Monday, November 8, 2010

Cisco IOS Site-to-Site IPSec VPN using Certificates

After a couple of weeks trying to get a Site-to-Site IPSec tunnel to work using a Watchguard firewall, I decided to simply do it with a Cisco Router.

These are the steps involved in the configuration, hopefully this will help someone else or myself in the future.

In my particular case, the remote end uses certificates for the VPN and has a Certification Authority, so first we have to generate a certificate and ask them to sign it, the CSR can be generated on the IOS but for backup purposes I always tend to use openssl, that way if the router/firewall dies, we have backups:

openssl req -new -nodes -keyout example.key -out example.csr

Generating a 1024 bit RSA private key
writing new private key to 'example.key'
You are about to be asked to enter information that will be incorporated
into your certificate request.
What you are about to enter is what is called a Distinguished Name or a DN.
There are quite a few fields but you can leave some blank
For some fields there will be a default value,
If you enter '.', the field will be left blank.
Country Name (2 letter code) [AU]:
State or Province Name (full name) [Some-State]:
Locality Name (eg, city) []:
Organization Name (eg, company) [Internet Widgits Pty Ltd]:
Organizational Unit Name (eg, section) []:
Common Name (eg, YOUR name) []:
Email Address []:

Please enter the following 'extra' attributes
to be sent with your certificate request
A challenge password []:
An optional company name []:

Now that the CSR its done, the CA has to sign it.

After the CA does the signing, we need to import the certificates into the IOS device. There are many ways of doing this, but I prefer the PKCS#12 method since it's self-contained and simpler.

To use PKCS#12, we need to create the p12 file, I do this with openssl:

openssl pkcs12 -export -in example.cer -inkey example.key -certfile ca.cer -name "name" -out example.p12
Enter Export Password:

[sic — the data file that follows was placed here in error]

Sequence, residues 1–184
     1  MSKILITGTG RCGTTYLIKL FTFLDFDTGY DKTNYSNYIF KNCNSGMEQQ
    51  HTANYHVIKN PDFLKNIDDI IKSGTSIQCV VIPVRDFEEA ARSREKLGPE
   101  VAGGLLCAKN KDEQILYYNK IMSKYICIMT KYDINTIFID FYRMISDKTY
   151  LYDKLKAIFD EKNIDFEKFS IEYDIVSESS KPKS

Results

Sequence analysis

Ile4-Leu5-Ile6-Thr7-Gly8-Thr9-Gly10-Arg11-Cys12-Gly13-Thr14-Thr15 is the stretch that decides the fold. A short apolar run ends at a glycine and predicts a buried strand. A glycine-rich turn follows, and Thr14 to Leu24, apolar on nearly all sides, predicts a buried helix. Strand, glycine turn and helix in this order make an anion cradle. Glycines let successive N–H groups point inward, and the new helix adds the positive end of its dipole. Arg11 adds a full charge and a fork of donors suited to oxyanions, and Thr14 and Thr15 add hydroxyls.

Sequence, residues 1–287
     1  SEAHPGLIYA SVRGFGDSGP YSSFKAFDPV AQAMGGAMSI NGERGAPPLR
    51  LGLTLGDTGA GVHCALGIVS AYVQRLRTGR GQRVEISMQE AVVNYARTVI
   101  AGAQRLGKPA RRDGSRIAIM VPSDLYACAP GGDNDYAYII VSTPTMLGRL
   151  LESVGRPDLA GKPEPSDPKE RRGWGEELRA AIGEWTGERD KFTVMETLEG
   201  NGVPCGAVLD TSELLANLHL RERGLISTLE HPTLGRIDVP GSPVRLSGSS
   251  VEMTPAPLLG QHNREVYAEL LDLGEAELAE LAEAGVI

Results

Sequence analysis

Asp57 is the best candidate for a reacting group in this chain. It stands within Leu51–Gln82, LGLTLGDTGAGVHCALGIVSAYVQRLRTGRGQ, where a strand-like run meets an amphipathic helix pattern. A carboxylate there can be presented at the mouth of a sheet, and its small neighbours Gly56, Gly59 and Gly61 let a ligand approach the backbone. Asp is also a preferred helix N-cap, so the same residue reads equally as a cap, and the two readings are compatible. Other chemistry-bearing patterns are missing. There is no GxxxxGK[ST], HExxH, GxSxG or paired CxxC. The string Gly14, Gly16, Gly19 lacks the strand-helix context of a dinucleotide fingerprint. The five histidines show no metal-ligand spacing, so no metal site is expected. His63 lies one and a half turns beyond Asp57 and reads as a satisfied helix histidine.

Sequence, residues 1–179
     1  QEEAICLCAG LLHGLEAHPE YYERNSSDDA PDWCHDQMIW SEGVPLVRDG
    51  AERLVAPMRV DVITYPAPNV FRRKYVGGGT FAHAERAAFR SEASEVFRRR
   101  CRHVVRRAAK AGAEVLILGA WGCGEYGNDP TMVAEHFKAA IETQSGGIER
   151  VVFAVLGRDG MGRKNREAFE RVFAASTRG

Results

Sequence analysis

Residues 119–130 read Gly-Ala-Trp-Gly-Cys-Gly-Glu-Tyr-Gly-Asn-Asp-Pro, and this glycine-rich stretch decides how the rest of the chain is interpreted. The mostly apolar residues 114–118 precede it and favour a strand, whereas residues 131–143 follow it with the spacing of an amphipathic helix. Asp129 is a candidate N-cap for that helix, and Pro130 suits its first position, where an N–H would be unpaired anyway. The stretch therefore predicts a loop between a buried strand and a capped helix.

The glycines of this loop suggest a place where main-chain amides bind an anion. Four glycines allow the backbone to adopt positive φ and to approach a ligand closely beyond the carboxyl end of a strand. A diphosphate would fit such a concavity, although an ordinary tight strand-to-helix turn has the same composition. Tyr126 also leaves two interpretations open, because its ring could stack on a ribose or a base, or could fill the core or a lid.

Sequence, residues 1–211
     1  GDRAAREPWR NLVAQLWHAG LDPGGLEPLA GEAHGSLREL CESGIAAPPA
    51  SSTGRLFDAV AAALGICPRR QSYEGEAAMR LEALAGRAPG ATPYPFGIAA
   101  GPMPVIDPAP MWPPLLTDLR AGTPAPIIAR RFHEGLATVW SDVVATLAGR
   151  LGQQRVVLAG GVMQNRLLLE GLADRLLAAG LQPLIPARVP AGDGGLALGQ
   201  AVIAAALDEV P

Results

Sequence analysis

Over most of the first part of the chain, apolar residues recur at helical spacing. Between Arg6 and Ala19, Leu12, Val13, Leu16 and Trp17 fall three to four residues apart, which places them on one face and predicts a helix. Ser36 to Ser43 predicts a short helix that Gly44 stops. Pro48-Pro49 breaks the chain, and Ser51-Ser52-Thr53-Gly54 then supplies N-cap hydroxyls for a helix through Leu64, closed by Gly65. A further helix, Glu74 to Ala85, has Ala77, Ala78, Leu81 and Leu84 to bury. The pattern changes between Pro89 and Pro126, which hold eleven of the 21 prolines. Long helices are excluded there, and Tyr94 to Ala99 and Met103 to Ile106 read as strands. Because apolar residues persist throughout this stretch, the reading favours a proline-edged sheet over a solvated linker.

Verifying - Enter Export Password:

Now that we have the certificate signed and in PKCS#12 format, we have to import it to the IOS device, for that we have to create a pki trustpoint:

R1(config)#crypto pki trustpoint EXAMPLE-VPN
R1(ca-trustpoint)#revocation-check none

With the trustpoint created, we can import the certificate. There are several methods, I use TFTP:

R1(config)#crypto ca import EXAMPLE-VPN pkcs12 tftp: PASSWORD
% Importing pkcs12…
Address or name of remote host []?
Source filename [trustpoint]? example.p12
Reading file from tftp://
Loading example.p12 from (via FastEthernet0/0): !
[OK - 1245 bytes]

CRYPTO_PKI: Imported PKCS12 file successful

We can verify that everything was imported correctly with the commands:

show crypto pki trustpoints
show crypto pki certificates

Now that the certificates are out of the way, we can focus on the VPN configuration itself.

The tunnel parameters for this example are:

IKE Phase 1
  • Encryption 3DES
  • Hash SHA
  • DH-Group 2

IKE Phase 2
  • ESP-3DES-MD5
  • Local Network:
  • Remote Network:

IKE Phase 1:

crypto isakmp policy 1
encr 3des
authentication rsa-sig
hash sha
group 2

This can be verified using show crypto isakmp policy


crypto ipsec transform-set TRANSFORM-SET-NAME esp-3des esp-md5-hmac

This can be verified using show crypto ipsec transform-set

Interesting traffic and NATing the source:

Lets assume that my network is, the remote network and that the remote side has told me that all of my traffic has to come from

ip access-list extended NAT-IP-VPN
permit ip host

ip nat pool VPN-NAT prefix-length 30

ip nat inside source list NAT-IP-VPN pool VPN-NAT overload

ip access-list extended TRAFFIC-VPN
permit ip host

Be careful with the NAT because if you have more than one statement the order matters. This can be verified using show ip nat translations, show access-lists

Crypto Map:

This is where we put it all together for the IKE Phase 2

crypto map VPN-Map-1 10 ipsec-isakmp
set peer
set security-association lifetime seconds 86400
set transform-set TRANSFORM-SET-NAME
match address TRAFFIC-VPN

Apply the crypto map/nat on the interfaces:

interface FastEthernet0/0
description LAN
ip nat inside

interface ATM0.1 point-to-point
description WAN
ip nat outside
crypto map VPN-Map-1


Now all we have to do is generate interesting traffic and test what happens, some useful commands are show crypto isakmp sa and show crypto ipsec sa.

Useful Links:

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